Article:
Let's just say Wade made like Samuel L. Jackson in "Pulp Fiction," wallet and all.
"My teammates needed this game from me," Wade said. "They needed me."
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Last year, Wade got his "bad" knee drained over and over so he could get through the season and playoffs. He gave up an Olympic gold medal because he had to have surgery. Now another knee issue has mostly robbed him of something even more valuable: his ability to be great every night like he was making his name.
But he'll always have this one, and it's quite a feather for the cap. You could see it in Wade's reactions as he was doing it: the little fist pumps, the smirking head nods, the cursing. He was cheering himself on, he couldn't help it.
It did, after all, save the Heat's season and turned this into a three-game series that continues to look like it could be a series to remember.
"If we go down 3-1, it's tough to climb back out of that hole," Wade said. "So to respond, that's kind of what you're going to be judged as a man. I thought my team responded well. I responded well."
Dimes past: < May 21 | 22 | 24 | 25 | 26 | 27 | 26 | 28 | 30 | June 1 | 3 | 6 | 8 | 11
Brian WindhorstESPN Senior Writer
- ESPN.com NBA writer since 2010
- Covered Cleveland Cavs for seven years
- Author of two books
2. Around The Association
MVP: Dwyane Wade entered Game 4 badgered by injuries and doubts, playing at maybe the lowest level of his career. He exited it in better shape. The veteran was dynamic on both ends Thursday, scoring a playoff-high 32 points and notching six steals.
X factor: Miami's Big Three. LeBron James, Wade and Chris Bosh -- collectively quiet as church mice in the series' first three tilts -- earned their moniker in Game 4. The trio combined for 85 points, 37 more than their previous series high, plus 30 rebounds and 10 dimes.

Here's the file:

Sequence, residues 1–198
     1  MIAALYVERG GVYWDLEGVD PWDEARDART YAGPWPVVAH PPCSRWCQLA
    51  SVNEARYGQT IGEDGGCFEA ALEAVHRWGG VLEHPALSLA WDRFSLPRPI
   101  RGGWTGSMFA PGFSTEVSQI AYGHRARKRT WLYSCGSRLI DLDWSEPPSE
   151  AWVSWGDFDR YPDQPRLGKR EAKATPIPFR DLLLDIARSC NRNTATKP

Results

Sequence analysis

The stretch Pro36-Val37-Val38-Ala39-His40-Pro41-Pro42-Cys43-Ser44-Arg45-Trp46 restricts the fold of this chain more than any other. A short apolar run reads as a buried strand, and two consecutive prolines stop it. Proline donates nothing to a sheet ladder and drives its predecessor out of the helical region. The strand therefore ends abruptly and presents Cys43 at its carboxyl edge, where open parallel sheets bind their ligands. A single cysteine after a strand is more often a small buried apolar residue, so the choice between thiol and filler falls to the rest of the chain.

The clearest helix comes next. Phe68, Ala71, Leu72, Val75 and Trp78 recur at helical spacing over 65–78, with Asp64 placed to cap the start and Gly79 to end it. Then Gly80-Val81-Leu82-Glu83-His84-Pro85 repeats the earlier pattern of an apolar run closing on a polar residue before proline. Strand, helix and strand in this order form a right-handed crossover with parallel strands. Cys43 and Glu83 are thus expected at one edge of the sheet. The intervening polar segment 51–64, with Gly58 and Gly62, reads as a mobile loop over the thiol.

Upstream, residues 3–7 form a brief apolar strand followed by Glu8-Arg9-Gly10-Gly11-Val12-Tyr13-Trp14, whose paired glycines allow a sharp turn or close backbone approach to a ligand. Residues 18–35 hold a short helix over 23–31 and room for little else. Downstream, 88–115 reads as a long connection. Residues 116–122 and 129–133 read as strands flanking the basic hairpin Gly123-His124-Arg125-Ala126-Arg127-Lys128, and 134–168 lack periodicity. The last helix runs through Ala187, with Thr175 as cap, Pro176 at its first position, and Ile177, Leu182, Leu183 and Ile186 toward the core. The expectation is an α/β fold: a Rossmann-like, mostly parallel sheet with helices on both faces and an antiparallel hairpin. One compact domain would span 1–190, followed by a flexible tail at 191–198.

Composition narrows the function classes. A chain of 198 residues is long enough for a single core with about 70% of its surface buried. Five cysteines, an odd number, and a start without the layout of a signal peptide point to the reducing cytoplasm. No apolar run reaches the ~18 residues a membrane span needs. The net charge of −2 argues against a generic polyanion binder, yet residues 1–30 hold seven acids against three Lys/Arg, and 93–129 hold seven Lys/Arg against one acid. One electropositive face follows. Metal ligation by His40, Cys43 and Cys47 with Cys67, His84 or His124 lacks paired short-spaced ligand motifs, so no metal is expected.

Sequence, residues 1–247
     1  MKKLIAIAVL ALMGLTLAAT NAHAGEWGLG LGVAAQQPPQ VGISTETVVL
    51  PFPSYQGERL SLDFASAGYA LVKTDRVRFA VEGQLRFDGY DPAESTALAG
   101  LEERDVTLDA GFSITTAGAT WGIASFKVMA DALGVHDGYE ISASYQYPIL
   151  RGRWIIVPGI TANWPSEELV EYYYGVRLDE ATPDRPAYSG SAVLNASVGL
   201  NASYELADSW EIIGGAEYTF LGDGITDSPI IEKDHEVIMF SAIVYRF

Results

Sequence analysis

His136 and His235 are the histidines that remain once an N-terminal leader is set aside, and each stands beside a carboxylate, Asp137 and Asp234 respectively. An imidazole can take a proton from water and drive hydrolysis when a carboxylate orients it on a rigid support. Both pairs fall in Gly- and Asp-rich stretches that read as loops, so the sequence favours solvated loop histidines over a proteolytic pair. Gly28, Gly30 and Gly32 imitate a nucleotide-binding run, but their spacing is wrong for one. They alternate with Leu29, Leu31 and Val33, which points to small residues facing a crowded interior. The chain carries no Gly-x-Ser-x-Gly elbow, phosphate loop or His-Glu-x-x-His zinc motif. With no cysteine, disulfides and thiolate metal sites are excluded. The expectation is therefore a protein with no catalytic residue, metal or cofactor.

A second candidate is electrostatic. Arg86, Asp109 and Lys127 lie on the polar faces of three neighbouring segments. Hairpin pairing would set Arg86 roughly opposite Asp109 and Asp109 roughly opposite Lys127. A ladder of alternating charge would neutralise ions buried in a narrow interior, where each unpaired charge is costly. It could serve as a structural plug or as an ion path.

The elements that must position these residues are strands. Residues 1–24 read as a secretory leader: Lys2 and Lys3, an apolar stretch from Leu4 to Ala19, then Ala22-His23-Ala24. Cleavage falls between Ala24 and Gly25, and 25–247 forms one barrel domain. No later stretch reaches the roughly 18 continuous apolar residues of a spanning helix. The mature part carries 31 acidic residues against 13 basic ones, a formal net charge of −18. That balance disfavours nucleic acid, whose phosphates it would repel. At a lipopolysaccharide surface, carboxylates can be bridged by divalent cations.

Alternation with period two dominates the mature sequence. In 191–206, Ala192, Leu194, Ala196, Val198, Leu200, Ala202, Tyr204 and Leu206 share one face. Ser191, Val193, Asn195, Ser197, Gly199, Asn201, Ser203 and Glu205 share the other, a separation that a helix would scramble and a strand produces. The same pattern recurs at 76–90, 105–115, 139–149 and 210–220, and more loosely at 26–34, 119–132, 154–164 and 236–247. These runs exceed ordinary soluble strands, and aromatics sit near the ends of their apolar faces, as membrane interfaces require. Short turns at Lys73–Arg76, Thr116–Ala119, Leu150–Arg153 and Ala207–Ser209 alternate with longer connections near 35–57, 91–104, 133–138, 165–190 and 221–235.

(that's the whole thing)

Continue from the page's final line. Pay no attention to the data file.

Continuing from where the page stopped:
That was ... a tale of two halves: Tony Parker, ostensibly hamstrung by a leg injury, was electric in the first half, penetrating at will and dicing the Heat to the tune of 15 points and six assists. The second frame was a different story: Parker missed each of his four shots and failed to score a point.
3. Thursday's Best
The Heat's Big Three:
That's the way Pat Riley probably envisioned it all coming together back in 2010. They were eight points shy of matching the entire Spurs team in scoring en route to a 109-93 win in Game 4.
4. Thursday's Worst
Manu Ginobili, Spurs: Spent 26 minutes on the court and when he did, things did not go well for the Spurs. Manu posted a game-worst minus-22 plus/minus in the Game 4 loss. Maybe Manu can take a page out of D-Wade's rebirth playbook for Game 5 on Sunday night.
5. NBA Video Channel
6. Tweet Of The Night
Even Battier's getting in on it! RT @jadande: Blocking Splitter is the new dunking on Shawn Bradley— J.A. Adande (@jadande) June 13, 2013
7. Quote Of The Night
"He was '06 Flash and we needed every bit of it."
-- LeBron James, on Dwyane Wade showing dominant form
8. Fourth Downed
9. Stat Check
LeBron James scored 33 points, Dwyane Wade 32, and Chris Bosh 20 as the Big Three arose to even the NBA Finals at two wins apiece with a 109-93 win at San Antonio. It was the first time in the Finals that two players scored 30 points and a teammate added 20 since Game 2 of the 1995 Finals, when the Rockets defeated the Magic behind Hakeem Olajuwon (34), Sam Cassell (31) and Clyde Drexler (23).
But it wasn't just the accumulation of points for Miami's Big Three; it was the efficiency with which those points were scored. James shot 15-for-25 from the floor, Wade 14-for-25, and Bosh 8-for-14. There have been only two other games in NBA Finals history in which two players scored 30 points and a teammate added 20, with each of the three hitting at least half of his field-goal attempts: In Game 2 of the 1969 Finals, the Lakers got that kind of contribution from Jerry West, Elgin Baylor and Johnny Egan; and in Game 5 of the 1985 Finals, the Lakers got similar numbers from Kareem Abdul-Jabbar, James Worthy and Magic Johnson.
10. Dunk Of The Night